Hi there.

Oh, for heaven’s sake. All I can say is “hi there”? I had this whole letter composed in my head last night, but now that I settle to write it, I can’t think of anything more to say.

So hi.

I see you.

I see you as a whole person and not just someone trying to get pregnant, as if “trying to get pregnant” is even a decent category to put someone in. Let me just tell you right off… you are certainly more than your struggles to grow your family. That’s something I know (or suspect) to be part of your life, but it’s just information about you. That’s not YOU as far as I’m concerned.

Just the same, it’s there.

You’ve told me casually that you’re trying to start a family, but that was a year ago and you’re still slim and lovely as ever, but no bump.

Or you’ve shared your heartbreak with me aloud.

Or someone else mentioned that infertility is a thing you deal with.

Or I suspect it based on the way you interact with me and my kids, so maybe it’s a medical thing or maybe it’s just not time yet, which isn’t so easy, either.

Or perhaps I know nothing. And you’re just someone I know who’s hurting in this particular way and I just wander clueless through your world from time to time.

Whatever’s going on, you want to have babies and you don’t and it’s messing with your heart and your marriage and your faith. (Ok, I don’t know any of that. I can’t even pretend to know what you’re feeling- those are just guesses based on a reasonable imagination and conversations I’ve had with friends who have also walked this road. But I don’t know. Because my life is different than that.)

Because I’m a breeder.

This is painfully obvious to us both, all the time. It’s only a few kids, but based on their movement and number of words, it feels a little like seventeen. Everywhere I go, I’m surrounded by a vortex of joyful (or not so joyful) chaos.

I’m tired. I’m 200% preoccupied with the kids. I can’t seem to find anything else to talk about, and I’m certain that’s annoying, at least sometimes.

And then the other day I complained about it.

I suspect that this is a struggle of yours. But still, I got going on yet another kid story (sorry) and I made some comment about my sleep deprivation or how I’m completely over gestating right now and I heard the words and I knew they were poorly timed but they were falling out before I could stop them and I couldn’t scoop them back up and I didn’t know how to fix it.

Would you allow me a second to back up? I honestly didn’t know what to do at the time, except to awkwardly move on.

I’m so sorry.

I know you’d love to have the issues I was just complaining about. Pregnancy and parenting are gifts. They have challenges—anything worth having does. And I’m sorry that I was being an ungrateful brat about something that you want so much. That’s pretty graceless of me, and I feel like it probably rubbed salt in a wound and I’m so, so sorry.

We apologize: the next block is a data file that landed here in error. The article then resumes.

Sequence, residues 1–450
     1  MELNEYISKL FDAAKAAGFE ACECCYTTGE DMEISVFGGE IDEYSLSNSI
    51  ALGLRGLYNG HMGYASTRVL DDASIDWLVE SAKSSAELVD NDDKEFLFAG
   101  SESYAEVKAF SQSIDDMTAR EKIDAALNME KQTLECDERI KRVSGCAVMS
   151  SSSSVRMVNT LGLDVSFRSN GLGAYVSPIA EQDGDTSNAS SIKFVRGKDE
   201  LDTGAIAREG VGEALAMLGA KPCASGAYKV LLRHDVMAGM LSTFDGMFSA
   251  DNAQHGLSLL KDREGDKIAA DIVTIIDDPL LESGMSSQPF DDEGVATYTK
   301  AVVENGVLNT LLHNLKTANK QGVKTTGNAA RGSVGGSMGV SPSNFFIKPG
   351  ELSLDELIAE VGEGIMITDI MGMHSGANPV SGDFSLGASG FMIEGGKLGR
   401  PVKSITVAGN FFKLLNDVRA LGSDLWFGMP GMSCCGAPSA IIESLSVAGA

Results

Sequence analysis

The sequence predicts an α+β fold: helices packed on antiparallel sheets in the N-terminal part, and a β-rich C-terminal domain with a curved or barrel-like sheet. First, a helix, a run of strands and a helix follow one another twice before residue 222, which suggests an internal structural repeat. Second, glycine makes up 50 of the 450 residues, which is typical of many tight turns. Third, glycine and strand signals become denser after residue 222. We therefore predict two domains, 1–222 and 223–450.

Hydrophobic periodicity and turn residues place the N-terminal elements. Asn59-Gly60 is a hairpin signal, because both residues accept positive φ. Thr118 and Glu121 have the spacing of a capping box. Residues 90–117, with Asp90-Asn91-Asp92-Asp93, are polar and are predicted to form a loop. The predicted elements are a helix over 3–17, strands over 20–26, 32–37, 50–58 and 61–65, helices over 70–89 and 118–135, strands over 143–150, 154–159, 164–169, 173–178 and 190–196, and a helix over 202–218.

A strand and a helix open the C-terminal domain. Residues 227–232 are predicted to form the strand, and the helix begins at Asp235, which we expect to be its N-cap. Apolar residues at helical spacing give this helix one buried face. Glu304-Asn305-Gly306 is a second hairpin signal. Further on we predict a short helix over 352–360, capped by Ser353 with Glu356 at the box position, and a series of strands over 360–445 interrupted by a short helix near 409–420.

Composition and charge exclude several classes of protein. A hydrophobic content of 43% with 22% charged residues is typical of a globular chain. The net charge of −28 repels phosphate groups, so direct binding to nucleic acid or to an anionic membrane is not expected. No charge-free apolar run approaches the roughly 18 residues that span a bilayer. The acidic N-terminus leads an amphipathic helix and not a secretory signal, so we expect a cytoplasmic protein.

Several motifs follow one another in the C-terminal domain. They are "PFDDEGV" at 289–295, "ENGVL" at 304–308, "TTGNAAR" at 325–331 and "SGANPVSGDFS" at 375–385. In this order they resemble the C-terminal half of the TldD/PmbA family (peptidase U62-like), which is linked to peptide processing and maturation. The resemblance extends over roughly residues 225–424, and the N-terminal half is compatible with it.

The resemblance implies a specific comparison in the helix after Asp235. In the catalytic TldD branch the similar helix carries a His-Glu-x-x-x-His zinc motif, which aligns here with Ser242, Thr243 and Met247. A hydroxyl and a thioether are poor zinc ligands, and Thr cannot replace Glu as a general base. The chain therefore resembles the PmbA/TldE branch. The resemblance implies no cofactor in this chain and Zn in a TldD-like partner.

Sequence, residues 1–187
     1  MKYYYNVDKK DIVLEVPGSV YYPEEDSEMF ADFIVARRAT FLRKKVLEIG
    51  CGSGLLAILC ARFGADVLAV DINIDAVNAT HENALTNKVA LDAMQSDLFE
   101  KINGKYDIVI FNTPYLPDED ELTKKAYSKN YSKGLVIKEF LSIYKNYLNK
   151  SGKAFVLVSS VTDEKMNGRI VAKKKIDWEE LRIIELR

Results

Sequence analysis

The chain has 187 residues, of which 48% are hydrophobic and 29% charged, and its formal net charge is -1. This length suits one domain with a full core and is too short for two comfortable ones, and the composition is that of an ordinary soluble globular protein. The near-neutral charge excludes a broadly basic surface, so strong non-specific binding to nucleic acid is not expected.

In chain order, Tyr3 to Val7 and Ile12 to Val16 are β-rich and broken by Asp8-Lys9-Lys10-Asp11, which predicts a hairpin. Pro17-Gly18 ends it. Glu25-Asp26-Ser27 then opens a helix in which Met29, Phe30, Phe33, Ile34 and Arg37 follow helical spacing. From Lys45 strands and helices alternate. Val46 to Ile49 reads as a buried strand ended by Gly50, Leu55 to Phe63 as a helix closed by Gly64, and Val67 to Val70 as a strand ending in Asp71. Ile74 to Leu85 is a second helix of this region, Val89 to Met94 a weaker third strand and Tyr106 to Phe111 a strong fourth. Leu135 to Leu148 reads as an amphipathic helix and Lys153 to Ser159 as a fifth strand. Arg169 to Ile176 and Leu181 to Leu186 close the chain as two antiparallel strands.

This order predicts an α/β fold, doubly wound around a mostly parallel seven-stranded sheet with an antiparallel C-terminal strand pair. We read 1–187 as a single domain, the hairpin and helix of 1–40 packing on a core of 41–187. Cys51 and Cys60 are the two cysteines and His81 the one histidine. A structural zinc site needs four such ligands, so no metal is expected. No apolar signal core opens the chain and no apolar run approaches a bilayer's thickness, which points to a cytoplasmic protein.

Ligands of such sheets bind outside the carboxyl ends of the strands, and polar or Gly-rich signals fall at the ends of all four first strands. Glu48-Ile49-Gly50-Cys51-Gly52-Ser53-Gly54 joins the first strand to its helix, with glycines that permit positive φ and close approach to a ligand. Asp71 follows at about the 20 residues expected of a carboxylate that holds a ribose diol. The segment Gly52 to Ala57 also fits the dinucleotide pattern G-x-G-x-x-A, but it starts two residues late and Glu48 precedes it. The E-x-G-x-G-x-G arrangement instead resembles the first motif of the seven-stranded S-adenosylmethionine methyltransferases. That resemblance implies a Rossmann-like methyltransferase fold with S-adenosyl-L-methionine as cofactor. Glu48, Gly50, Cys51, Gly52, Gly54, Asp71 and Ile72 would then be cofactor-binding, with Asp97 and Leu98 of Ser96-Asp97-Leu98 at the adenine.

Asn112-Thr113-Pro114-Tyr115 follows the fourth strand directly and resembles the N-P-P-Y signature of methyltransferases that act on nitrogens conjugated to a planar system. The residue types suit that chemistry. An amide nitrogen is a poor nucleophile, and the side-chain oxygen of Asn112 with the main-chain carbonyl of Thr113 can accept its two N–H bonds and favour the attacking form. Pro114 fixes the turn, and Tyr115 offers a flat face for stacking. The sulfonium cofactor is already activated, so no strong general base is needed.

I don’t know why this baby-having thing is easy for me and not so much for you. It’s certainly not a value or ability thing.  I think you’ll be a pretty great mama. I can see it in the way you interact with kids that are around you. You’re kind and loving and wholehearted both with them and with me, even though I’m sure sometimes it hurts to be those things when they’re all tangled up with desires unfulfilled so far.

You’re a whole person. And you’re breathtaking. And I’m sorry that sometimes I poke at tender spots. I’ll learn. I will. And in the mean time, I’m sure glad you’re in my life. Thanks for being gracious when I’m not so good at it.

Published by robininalaska

Robin Chapman is a part-time writer, editor, and birth photographer and a full-time imperfect mama, wife, Jesus follower, and normalizer of failure. She’s trying hard to learn how to do this motherhood thing in a way that doesn’t land the whole family in intensive therapy. She has a heart for helping other mamas buried in the little years with hope, humor, and solidarity. You can find her hiding out in the bathroom with an iced dirty chai, writing and editing and making spreadsheets for KindredMom.com where she is a cheerleader for mamas, or online looking for grace in her mundane and weird life. She lives in Fairbanks, Alaska with her four delightful (crazy) kids—some homeschooled, some public schooled, some too young for school at all—and her ridiculously good looking husband, Andrew.

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  1. I LOVE your writing. A couple weeks ago I overheard a friend who had infertility problems. There’s babies popping out everywhere in JV, and she is always loving and excited about my kids. I heard her yelling a friend, “I am happy for my friends. really. I want to rejoice with them. What’s hard is when someone complains.” So you nailed it… I want to be cautious not to complain!

    Thanks for reading to e the other night. I love that the cousins got some face time.

    Sent from my iPhone



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